CARY, N.C. – Twice this season, Emory’s Gabrielle Clark had faced off with Lok-Sze Leung of Middlebury. And twice, Clark had lost.
With an overall record of 26-4, a full half of Clark’s losses were at Leung’s hands.
Clark would not lose to the native of Hong Kong again, not this year, not with so much on the line. The two met for a third time in the NCAA Division III women’s tennis singles championship round, and Clark came out with a hard-fought 6-2, 7-6 victory.
“Getting that first set definitely helped out a lot,” said Clark, the 2011 DIII rookie of the year. “I honestly think she was actually kind of nervous, being a freshman. Last year, I was very, very nervous. I think she was making a lot more mistakes than I’m used to her making.
“So I just took advantage of that. She started getting her groove back more in the second set, and I was staying steady. I just had to stay strong. I really wasn’t nervous, because I thought it was an amazing feat to get here. I’ve worked really hard, and I didn’t want to let embarrassment get in the way of how I performed today.”
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As a freshman, Clark entered last year’s singles tournament as the No. 1 seed … before promptly losing in the quarterfinals. That and the earlier losses to Leung might have intimidated a player of lesser caliber, but Clark simply used them as motivation this time around.
“I think most people would’ve come in not having a lot of confidence, but I really believed I could do it,” Clark said. “I did everything my coaches told me to do. Also … experience. I’ve been here before. I was here last year seeded No. 1, and got out in the quarters. It was definitely a disappointment, so I really think that had a lot to do with it, too.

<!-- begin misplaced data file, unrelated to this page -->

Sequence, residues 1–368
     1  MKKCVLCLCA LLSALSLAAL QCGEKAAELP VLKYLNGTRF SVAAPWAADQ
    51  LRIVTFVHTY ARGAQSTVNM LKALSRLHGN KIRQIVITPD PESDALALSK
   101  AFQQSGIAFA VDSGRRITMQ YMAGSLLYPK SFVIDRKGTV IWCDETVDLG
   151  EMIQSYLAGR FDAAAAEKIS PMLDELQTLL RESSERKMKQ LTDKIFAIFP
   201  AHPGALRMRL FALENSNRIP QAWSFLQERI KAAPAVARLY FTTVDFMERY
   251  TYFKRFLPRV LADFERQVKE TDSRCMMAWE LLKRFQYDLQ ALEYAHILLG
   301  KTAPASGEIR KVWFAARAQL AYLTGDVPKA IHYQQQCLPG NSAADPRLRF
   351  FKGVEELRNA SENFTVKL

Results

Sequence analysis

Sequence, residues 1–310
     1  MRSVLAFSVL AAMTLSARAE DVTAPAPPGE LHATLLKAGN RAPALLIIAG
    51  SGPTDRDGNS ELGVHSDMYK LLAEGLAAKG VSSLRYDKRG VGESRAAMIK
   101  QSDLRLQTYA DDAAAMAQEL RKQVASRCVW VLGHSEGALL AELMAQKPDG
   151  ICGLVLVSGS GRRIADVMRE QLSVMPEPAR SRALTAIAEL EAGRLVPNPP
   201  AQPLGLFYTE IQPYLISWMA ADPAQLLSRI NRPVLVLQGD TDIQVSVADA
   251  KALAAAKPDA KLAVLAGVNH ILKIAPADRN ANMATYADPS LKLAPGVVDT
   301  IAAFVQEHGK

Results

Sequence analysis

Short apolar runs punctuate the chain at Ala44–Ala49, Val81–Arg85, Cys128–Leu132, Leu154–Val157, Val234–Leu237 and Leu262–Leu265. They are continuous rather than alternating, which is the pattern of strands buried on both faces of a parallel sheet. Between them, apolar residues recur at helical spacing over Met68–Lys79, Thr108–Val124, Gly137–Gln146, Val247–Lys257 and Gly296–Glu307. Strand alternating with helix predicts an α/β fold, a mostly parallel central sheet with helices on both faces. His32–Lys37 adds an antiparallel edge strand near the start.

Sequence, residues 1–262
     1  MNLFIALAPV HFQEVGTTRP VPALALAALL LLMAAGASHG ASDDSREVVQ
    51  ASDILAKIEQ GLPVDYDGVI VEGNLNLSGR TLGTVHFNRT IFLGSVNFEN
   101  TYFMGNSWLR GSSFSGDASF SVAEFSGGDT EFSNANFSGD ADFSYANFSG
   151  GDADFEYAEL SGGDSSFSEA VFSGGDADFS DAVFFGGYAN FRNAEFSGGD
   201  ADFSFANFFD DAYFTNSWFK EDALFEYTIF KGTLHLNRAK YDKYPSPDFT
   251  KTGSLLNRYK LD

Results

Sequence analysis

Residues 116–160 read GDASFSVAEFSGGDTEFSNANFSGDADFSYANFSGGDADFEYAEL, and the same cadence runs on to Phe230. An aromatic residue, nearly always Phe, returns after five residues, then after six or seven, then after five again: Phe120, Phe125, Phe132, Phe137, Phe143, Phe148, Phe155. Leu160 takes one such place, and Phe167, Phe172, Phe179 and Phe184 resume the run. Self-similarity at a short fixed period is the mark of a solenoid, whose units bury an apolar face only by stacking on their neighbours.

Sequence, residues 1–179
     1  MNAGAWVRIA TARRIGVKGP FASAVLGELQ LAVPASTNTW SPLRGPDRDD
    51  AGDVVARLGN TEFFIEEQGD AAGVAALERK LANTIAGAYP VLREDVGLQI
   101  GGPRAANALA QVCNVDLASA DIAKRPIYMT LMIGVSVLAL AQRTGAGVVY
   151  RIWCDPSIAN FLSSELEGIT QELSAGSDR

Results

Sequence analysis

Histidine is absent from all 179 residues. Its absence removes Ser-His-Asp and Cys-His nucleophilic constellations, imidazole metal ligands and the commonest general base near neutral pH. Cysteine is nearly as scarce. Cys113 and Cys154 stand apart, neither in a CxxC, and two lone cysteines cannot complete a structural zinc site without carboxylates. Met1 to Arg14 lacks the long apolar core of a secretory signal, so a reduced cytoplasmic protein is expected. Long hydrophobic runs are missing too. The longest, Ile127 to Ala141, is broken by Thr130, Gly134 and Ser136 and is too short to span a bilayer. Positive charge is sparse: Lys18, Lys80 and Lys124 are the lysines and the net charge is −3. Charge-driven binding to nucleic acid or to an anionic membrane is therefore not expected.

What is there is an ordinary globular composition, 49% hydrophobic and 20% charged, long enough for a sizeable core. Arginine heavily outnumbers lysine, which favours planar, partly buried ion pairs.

“Being persistent and working hard will really get you far. I had some losses this year that were unexpected, that I should’ve won. That helped me more, losing those matches coming into nationals, than being undefeated did last year.”
Clark was able to get barely an hour’s rest before heading into her doubles semifinals match against Johns Hopkins. She was tired, but smiling as the singles celebration wound down. That’s what tournament tennis means at this level.
“I think she was just exhausted,” said Amy Bryant, the head women’s tennis coach at Emory. “She’s played something like 60 sets of tennis this week. She was tired. There are plusses and minuses to being on a really strong team like ours. The plus is that you get to play at a tough level day in and day out. The minus is that you come here and you’ve got to play three days of the team tournament before you hit the individual tournament.
“But … she’s a stud. She’s an athletic stud. She runs indoor track. She’s got the fitness to be able to do this. She’s not done yet.”